Anything But Quiet

This is day six since the last posting of any presidential action on the White House website. In some respects, it was inevitable the orders, memoranda, etc. were going to appear less frequently, but this is a precipitous drop for this president. Could it be the president is otherwise occupied (distracted)?

I don’t intend to write about every sordid detail of this administrations’ bungling activities, so will simply mention the firing of Michael Flynn, now former National Security Advisor, and today’s news of the nominee for Secretary of Labor, Andrew Puzder, withdrawing his name from consideration under fire from an increasing number of Republicans, as examples of the incompetence, corruption, and floundering of this administration. These are just two very recent examples of the chaos that has ensued. Today’s Non Sequitur comic by Wiley Miller seems particularly appropriate. Funny, but not funny.

Because the past few weeks have been such a disaster and it promises to get worse not better, I’ve decided to expand the topics of focus for this blog, at least for a while. In addition to writing about presidential executive actions (and in some cases consequences of them such as court cases) and a few of my own comments/observations/opinions, I intend to follow two threads of media attention that appear to be growing public concerns, or at least increasing in news coverage by many media outlets. One is the mental health or mental competence of the president. The other is the numerous calls for accountability of the president or calls for outright impeachment. Neither of these are new. In fact, both have been present in the press at least since the election, but there does seem to be greater frequency of stories being written or produced on these two topics.

While at this point much of this is speculation, ultimately either situation could lead to removal from office. The Constitution does allow for removal for incompetence, presumably including mental incompetence. The Constitution also has two Emoluments clauses that could be used to impeach the president.

In a future post, I will address some of what I have read and am following regarding the president’s mental health. It is an active topic with a number of mental health professionals taking public positions in spite of the long followed “Goldwater Rule” that basically prohibits such professionals from diagnosing anyone, particularly a public figure, without actually interviewing them personally.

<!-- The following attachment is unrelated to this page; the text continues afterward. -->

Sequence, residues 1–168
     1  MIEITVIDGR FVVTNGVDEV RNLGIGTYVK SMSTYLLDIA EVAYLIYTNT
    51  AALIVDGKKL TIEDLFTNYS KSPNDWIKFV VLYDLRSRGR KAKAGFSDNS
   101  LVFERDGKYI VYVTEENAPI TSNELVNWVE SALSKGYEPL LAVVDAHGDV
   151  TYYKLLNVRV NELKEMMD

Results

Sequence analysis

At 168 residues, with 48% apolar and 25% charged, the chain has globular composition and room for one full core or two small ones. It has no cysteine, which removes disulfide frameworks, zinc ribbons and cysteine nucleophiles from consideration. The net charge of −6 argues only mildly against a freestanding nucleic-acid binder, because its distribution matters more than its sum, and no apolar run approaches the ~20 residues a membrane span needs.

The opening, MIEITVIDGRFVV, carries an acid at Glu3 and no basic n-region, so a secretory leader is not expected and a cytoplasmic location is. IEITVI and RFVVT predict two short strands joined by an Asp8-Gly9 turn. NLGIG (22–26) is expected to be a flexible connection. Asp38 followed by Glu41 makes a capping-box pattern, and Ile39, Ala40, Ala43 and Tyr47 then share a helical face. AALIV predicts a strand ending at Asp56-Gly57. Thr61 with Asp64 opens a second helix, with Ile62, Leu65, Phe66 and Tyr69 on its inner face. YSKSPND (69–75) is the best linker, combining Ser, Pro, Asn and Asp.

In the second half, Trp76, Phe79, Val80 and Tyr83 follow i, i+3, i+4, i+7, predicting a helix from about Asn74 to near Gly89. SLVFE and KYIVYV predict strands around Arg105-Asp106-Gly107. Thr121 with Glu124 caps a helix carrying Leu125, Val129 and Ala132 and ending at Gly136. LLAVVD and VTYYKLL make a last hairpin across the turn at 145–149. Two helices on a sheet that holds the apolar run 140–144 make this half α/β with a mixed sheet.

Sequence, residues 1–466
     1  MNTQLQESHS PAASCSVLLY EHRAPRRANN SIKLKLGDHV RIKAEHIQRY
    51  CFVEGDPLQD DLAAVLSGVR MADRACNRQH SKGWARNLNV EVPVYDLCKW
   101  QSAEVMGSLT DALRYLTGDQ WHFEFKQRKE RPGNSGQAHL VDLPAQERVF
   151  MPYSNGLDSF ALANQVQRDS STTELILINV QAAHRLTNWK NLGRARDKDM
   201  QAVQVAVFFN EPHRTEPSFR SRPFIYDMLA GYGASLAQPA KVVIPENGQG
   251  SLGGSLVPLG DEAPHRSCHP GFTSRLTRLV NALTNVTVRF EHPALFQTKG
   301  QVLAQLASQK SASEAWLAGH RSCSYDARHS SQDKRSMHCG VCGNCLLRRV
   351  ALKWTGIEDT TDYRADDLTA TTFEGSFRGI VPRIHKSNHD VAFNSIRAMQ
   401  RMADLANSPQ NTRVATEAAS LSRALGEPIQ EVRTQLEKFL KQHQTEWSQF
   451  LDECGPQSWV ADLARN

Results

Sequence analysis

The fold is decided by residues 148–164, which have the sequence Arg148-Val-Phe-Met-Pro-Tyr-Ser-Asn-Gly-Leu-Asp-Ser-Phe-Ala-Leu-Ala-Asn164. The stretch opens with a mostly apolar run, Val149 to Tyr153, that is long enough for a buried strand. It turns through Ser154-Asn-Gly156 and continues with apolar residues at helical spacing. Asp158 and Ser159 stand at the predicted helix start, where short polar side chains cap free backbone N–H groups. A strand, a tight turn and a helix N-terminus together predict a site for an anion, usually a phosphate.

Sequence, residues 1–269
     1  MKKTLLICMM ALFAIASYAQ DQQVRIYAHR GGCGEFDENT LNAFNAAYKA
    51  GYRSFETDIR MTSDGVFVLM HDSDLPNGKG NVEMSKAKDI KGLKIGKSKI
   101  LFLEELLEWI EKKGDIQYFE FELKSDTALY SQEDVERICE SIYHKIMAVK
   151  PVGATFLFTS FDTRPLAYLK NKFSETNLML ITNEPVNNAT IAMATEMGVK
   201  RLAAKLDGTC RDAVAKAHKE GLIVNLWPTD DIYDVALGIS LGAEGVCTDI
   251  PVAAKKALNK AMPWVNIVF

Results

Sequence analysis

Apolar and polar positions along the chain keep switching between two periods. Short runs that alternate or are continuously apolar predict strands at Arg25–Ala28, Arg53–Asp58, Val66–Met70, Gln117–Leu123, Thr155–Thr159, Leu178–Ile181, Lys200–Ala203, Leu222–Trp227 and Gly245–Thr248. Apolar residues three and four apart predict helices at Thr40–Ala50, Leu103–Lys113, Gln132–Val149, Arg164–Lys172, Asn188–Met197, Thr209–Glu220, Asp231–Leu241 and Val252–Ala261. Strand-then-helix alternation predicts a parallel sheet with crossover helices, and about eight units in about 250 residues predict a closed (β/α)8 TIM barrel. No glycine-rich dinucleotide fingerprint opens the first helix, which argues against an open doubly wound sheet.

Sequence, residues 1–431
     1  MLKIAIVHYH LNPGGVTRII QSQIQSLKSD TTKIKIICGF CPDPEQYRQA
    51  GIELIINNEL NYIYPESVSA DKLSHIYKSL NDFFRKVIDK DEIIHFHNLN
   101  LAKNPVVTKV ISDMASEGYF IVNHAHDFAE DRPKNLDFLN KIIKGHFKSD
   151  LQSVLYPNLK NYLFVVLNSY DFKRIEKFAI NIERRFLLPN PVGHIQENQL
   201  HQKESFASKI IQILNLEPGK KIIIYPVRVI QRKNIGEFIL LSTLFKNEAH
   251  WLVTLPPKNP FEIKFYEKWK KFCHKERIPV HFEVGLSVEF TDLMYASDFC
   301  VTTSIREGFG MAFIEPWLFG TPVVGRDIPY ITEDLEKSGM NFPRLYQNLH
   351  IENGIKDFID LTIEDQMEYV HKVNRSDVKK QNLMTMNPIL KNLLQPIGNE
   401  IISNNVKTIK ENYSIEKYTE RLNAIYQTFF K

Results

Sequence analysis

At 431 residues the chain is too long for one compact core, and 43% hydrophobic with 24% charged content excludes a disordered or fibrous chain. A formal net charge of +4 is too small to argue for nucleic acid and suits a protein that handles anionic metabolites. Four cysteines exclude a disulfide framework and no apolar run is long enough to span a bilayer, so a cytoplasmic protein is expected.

Today, on the emoluments issue, I will point to an interesting article by Judd Legum of Think Progress on how POTUS 45 can be held accountable for violating the Constitution without the help of the Republican Congress that is currently a major road block. The gist of the article is a report on potential legal actions that could be taken by a state’s Attorney General. What the article points out is that public official has a much better case for proving “standing” as required by law than a private individual or corporation would. Legum also suggests the state of New York might be the ideal place for this to get done. Washington, D. C. might also be a likely success location.

I do not expect the Congress to do anything about this president’s myriad conflicts of interest anytime soon, so will be watching to see if any Attorney General decides to act on behalf of the people.


More Actions, More Time Needed

On January 28, 2017 POTUS 45 signed three executive actions, one of them highly controversial receiving significant media coverage. More have been signed since then.

In an effort to pace myself, I am going to review them one at a time and not worry about getting my reactions developed and posted here as soon after the actions are available for review as I was doing previously.

I have found reviewing even large numbers of non-controversial, routine, or positive actions was not as mentally taxing as doing the difficult, controversial ones. I’m going to take the liberty of conserving some mental energy, and being more methodical and deliberate in hopes of producing better reviews and comments.

As it turns out, at least for now, the news media are reporting virtually every executive action anyway. In fact, I may find myself not only reviewing and commenting on the executive actions themselves, but also doing some vetting of news reports of them. Not surprisingly, at least to me, some of those reports are not very accurate – even the ones that do not appear to be intentionally misleading or simply catering to their base of readers/viewers.

Finally, because I am a lone blogger editing my own work, I need to take time away from early drafts to catch typos, awkward phrasing, etc. Any readers here who find an item that should be corrected will help improve this blog by leaving a comment to that effect. I thank you in advance.



The recent election was a shocking event for me. Although in many respects, it was not completely surprising, the enormity of the change in our political culture set me to thinking seriously about what I am going to do about it. As a result of my disappointment in the outcome of so many races – local, state, and national – I have decided to create this blog. Doing so is an act of a responsible citizen using this medium to voice questions, concerns, and opinions about our current political climate.

Because one of my primary concerns is authoritarianism, I have chosen monitoring of presidential executive actions as a central element to this site. Along with that, I plan to raise questions for contemplation and to express my own opinions on various topics. I expect the site to evolve over time depending on circumstances and events, so intend to remain flexible on its role and scope.